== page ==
This is a clear evidence that the author/website wants to force his opinion on people and making it appear as a fact, and deleting divergent opinions to make it appear that everyone agrees. 

It couldn’t be more clear now. But thanks to let my point of view appear in your quote, at least, instead remaining deleted.

That makes more clear to those that did not see the context, understand what I am saying.

I see that you are the kind of person that likes a comment who says: “Go back under your rock”. 

It’s telling about yourself and about your objectives here. 

So, don’t feel bad that I am not replying to you anymore. You lost me too.

Have a good day.

ityere
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ityere

Vikingr Red_Shirt_Rod There is a difference of what crowdfunding is and companies involved do with what Roberts decided to make. There is nothing better on encouraging people to invest based more and more in imagination, sometimes thousands of dollars, for things and features that are added only as dreams, while the only thing which expands, is graphical appeal that adds more and more constraints to make all those gameplay dreams to come true.

Publishers cut things?
Roberts too. Meaningfull features like coop in out gameplay during a campaign were already removed.

Social areas were expanded in graphical fidelity and monor details, but adding constraints to include meaningful gameplay related. Making people imagining a Mass Effect and not having the insight that the experience will be more like walking around the area, after all side and main quests done, which is boring. It could be simplified in favor of better gameplay , fast pace of development and additions. So much details for the FPS, to a game were the premisse is a long road buiding a character and evolving it. FPS is born a death feature. And again, adds more and more constraints to the game advance.
All that is just good to delay the core of the game, to sell more ships and to make Roberts and main producers, associates, earning a lot more in salaries above the average of the market, benefits and comissions, while the rest of the team is poorly paid and works under a lot of extra effort basis, if the rumors are true. People takes longer to figure out how failed is their expanded plans, how terribly bad is the cost-benefit of the kind of expansion made.

In the end, a lot of people that were imagining a more expanded private server, coop in out gameplay during a campaign, features that won’t work as intended or won’t be used by the majority, due the own premisses of the game, and not having more patience, or not resisting to competitors of ga
mes that delivers more value and less fluff, because SC will be the slower game ever to have meaningful addtions to gameplay and making their additions having meaning, and spent thousands of dollars for imagination, between other possible disappointments raised by more time spent waiting, will have just themselves to blame.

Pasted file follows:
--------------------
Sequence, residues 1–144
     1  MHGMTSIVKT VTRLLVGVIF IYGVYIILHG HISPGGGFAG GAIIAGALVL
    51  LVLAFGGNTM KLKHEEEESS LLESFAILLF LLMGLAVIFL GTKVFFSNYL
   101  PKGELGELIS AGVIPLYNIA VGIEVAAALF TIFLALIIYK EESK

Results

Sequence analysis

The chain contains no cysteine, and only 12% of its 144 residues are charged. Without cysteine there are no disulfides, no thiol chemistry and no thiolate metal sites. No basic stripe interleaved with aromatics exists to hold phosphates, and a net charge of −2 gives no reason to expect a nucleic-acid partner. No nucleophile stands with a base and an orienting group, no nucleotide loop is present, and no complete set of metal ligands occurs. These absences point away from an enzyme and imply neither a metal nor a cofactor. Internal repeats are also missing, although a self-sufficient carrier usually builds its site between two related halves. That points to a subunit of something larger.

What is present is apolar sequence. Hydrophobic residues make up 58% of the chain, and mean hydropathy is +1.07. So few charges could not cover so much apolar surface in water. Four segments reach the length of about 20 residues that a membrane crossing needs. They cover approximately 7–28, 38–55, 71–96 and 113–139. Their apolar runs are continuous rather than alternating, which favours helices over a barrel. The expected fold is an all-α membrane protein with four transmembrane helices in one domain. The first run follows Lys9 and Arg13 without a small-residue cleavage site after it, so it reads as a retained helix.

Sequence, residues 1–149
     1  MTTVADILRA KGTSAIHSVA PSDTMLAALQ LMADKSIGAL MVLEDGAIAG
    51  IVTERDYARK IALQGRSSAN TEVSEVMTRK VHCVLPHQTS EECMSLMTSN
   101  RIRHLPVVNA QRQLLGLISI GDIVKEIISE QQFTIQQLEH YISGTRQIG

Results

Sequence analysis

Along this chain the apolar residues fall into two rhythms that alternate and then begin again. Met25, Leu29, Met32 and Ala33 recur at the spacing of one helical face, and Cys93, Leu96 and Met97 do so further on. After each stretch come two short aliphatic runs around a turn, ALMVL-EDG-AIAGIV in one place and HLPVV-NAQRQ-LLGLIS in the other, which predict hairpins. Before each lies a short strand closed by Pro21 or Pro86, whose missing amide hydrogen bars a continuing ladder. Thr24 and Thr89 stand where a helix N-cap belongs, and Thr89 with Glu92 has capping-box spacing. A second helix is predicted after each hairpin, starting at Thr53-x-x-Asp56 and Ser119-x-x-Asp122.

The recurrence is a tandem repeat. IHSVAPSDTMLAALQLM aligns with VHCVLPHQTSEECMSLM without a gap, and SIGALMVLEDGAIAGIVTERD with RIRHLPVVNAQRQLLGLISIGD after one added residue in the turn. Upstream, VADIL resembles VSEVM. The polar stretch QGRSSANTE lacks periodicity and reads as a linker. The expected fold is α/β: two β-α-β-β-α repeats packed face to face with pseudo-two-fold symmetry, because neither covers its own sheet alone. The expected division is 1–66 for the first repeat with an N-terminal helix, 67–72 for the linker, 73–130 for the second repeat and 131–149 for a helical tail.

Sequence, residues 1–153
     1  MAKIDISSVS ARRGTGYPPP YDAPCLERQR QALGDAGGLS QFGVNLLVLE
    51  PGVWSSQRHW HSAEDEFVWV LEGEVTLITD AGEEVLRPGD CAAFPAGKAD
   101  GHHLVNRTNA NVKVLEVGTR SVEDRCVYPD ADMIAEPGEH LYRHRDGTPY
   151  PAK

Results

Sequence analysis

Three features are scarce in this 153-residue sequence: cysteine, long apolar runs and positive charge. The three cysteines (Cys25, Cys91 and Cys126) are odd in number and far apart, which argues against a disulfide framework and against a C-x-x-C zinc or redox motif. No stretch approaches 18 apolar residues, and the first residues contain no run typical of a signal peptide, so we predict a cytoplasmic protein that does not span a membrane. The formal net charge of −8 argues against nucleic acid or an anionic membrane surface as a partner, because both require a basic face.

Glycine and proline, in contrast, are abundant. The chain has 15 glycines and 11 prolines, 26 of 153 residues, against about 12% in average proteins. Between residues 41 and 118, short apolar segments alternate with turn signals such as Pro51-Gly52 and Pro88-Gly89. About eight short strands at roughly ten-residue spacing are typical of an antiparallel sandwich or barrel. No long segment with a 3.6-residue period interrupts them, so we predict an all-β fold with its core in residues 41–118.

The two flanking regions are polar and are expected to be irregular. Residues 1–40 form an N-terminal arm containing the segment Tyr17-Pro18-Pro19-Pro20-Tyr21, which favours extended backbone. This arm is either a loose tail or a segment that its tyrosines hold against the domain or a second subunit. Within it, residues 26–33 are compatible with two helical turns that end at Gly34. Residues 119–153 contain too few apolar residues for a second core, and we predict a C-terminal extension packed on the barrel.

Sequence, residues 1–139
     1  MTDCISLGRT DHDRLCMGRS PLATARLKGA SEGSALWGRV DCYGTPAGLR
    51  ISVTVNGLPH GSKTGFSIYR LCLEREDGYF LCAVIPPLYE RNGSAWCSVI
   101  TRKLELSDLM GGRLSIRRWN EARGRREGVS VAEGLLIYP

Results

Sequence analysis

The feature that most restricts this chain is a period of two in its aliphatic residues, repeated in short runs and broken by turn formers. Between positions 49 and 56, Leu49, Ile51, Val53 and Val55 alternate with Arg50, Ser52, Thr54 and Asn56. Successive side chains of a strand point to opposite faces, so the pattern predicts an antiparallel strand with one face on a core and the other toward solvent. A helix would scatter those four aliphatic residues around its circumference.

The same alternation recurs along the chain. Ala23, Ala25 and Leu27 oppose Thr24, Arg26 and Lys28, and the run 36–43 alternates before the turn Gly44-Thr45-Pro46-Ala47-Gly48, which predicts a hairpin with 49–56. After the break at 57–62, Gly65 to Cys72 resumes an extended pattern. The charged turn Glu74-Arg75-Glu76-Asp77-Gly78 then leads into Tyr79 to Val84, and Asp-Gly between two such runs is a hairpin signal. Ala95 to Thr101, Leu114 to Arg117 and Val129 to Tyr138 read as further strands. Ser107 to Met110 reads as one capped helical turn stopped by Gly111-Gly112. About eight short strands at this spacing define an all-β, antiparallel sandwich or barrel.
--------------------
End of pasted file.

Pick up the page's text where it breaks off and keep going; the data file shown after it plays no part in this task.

Mainly because they blindly supported the wrong thing for too long. Things that in the end of the day, just puts the developers in a comfortable chair of not worrying if it will work or not, or if customers will be disappointed or not, if its sustainable or not, because made his money anyway, even more than earlier dreamed.

My bet is that it does not matter, because blaming themselves or not, the game will be death, but all this lead to the CIG leaders to get richer, regardless killing the chances of the game and the company to survive in the long term with revenue, justifying more effort and investiments. 
I would not define what Roberts does as a standard crowdfunding project, since for him, “the sky is the limit”. For me, what he does is just a shame, out of reality. Freedom has limits. It does not help when you have the freedom to screw the future of the game, company, etc., because you presume that gamers will change just because is Roberts and CIG, or becuase you managed to make a few delusional. What CIG does has nothing to do with “because crowdfunding” and its just a lame excuse to make unrealistic shit to feed imagination and making profit. Its a lot worst. Its much less care to satisfy customers and a lot to satisfy personal egos. So, there is nothing better on that. Its a lot worst and the attitude is going to be never “game changer” and makes the entire venture as a train wreck to come.

ityere
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ityere

Vikingr Red_Shirt_Rod I see many great and innovative games coming from publishers, from AAA level to indie level. I think that you people are too tied to one genre and dismissing all others as nothing.

Shervy
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Shervy

Mark Jacobs
It is refreshing to see a notable developer such as you posting in online discussions. I enjoyed your previous efforts and was in the early early Warhammer alpha thanks my boss at the internet cafe (Biju) off of Rockville Pike near the best buy and Ledos pizza. I enjoyed the game early on very much and as others have stated it is a shame how things turned out. 
I look forward to Camelot unchained, I feel a lot of people have fantasy/sword and board fatigue due to the lack luster options that have been available for some time now. 
Also I think its great you are active online and commenting on posts, some devs just don’t get that a little bit of active exposure can really be beneficial to not only your fan base but new people as well. Also helps that you are humble and not arrogant as some devs can be. 
Keep it up!